Every house has a history, the old saying goes.

But the history of Beth Adelson's Philadelphia home, it turns out, is a bit more complicated — and longer — than most.

There was the time the "financial hero of the American Revolution," Haym Salomon, is said to have lived in the attic, renting a tiny room after going broke from bankrolling the war. And the earlier period in which a French winemaker sold wines there by day, living in the house at night.

And that was all before the 19th century.

Adelson's Old City home, built in 1771, is older than the United States. Situated along Elfreth's Alley, not far from the Delaware River, the house joins 31 other properties on the block constructed between 1728 and 1836 to make up what has been dubbed the nation's oldest continuously inhabited street.

Decorated with American flags and painted doors, cobblestone pathways and well-tended flowers and trees, Elfreth's Alley has become a fascination for tourists and Philadelphia residents alike. Each year, homeowners open their doors around the winter holidays, allowing the public to get a glimpse inside the colonial-era residences.

Yet not even that has been enough to propel Adelson's home into a buyer's hands. Since December 2013, the dwelling at 135 Elfreth's Alley has been on and off the market — consistently on since November 2014. The house was initially listed at $850,000, but the price has been slashed to $789,000. The property has still not sold.

Adelson's is the final listing remaining among Elfreth's Alley houses that have been up for sale in recent years. In 2014, the block grabbed headlines when four of the properties were listed about the same time — unprecedented in the street's history, observers said.

An Inquirer analysis of city records and Trend Multiple Listing Service data shows that homes along the venerable alley have changed hands at least seven times since 2012 — more than double the rate of the previous five years and exceeding any other period since such sales data became available in 1968.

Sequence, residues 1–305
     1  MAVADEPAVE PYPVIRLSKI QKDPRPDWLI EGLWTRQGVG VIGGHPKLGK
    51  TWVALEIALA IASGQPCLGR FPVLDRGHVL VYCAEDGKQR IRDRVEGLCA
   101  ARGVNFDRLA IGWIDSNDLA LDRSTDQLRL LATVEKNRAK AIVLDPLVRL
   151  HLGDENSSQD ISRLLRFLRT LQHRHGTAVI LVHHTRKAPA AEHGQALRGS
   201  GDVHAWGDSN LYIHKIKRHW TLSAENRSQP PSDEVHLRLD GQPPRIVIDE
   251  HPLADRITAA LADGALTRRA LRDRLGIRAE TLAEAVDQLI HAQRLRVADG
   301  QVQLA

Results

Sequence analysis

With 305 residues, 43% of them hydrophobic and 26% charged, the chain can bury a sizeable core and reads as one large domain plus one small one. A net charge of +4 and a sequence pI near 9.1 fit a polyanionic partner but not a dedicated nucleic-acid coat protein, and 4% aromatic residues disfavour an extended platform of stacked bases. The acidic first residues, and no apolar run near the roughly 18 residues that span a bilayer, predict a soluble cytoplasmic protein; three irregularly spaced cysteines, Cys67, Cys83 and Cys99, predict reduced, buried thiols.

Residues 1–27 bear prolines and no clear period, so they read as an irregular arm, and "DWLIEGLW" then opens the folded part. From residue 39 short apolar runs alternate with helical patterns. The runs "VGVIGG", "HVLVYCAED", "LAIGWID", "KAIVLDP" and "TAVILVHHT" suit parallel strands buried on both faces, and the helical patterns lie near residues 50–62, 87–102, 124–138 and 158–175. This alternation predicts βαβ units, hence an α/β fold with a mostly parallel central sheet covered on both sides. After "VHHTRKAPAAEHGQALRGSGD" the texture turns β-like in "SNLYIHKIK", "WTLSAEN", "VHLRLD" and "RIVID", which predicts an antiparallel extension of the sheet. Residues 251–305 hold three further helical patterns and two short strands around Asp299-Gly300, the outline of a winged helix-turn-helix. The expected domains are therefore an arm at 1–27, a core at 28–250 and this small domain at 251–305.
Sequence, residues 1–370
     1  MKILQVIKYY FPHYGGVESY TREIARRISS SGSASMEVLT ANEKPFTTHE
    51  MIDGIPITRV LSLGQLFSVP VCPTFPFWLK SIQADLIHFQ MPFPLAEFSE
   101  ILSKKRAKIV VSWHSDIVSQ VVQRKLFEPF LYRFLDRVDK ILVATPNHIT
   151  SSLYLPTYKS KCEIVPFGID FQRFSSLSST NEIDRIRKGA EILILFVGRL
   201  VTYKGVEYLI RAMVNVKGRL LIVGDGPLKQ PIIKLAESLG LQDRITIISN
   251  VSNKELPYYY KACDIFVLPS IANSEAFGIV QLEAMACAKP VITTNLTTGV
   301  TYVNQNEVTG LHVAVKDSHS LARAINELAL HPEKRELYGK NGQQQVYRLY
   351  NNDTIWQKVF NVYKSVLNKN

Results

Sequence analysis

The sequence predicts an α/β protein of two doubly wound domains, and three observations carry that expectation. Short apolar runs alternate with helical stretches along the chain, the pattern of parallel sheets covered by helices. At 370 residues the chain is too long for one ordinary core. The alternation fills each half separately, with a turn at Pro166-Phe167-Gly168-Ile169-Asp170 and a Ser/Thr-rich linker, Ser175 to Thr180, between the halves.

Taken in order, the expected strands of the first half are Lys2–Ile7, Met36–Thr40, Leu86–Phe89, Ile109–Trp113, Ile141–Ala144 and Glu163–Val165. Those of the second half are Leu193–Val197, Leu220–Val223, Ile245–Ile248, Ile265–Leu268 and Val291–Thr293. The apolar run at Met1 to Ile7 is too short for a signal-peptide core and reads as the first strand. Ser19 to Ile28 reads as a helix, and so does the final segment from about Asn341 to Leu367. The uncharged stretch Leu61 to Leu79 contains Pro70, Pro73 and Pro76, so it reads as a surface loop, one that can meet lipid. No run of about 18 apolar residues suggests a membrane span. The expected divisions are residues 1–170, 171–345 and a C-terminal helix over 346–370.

There is no definitive reason for the uptick in sales along the street, real estate agents and observers from the region said.

Elfreth's Alley is unique, an anomaly, "an oddball little location where the sample size is too small to make a sweeping interpretation," said Stephen Mullin, president and principal of Econsult Solutions, a Philadelphia economic-consulting firm, and a former city finance director.

"The fact that there's more turnover, to me, suggests that the overall market is better than it used to be," Mullin said. But to sell a property there, he said, "there have to be people who think there's a cool history factor."

When it comes to historically preserved properties and neighborhoods in Philadelphia, few rank as more monumental than Elfreth's Alley. According to local lore, the street's history began as early as 1702, when two blacksmiths each gave up part of their land to create a block that could stretch to the Delaware River. Within decades, artists, silversmiths, cabinetmakers, and other craftsmen gravitated toward the street, rebuffed by merchants and land speculators who lived in the center of the city.

For decades, the dollhouse-like homes were passed down within families, changing hands on occasion. Facing pressure from Philadelphia's expansion in the 1930s, the Elfreth's Alley Association was formed to protect the block's interests. By the 1950s, the houses had received historic designation from the Philadelphia Register of Historic Places, meaning protections were put in place to ensure that the properties' exteriors could not be changed, except in certain cases.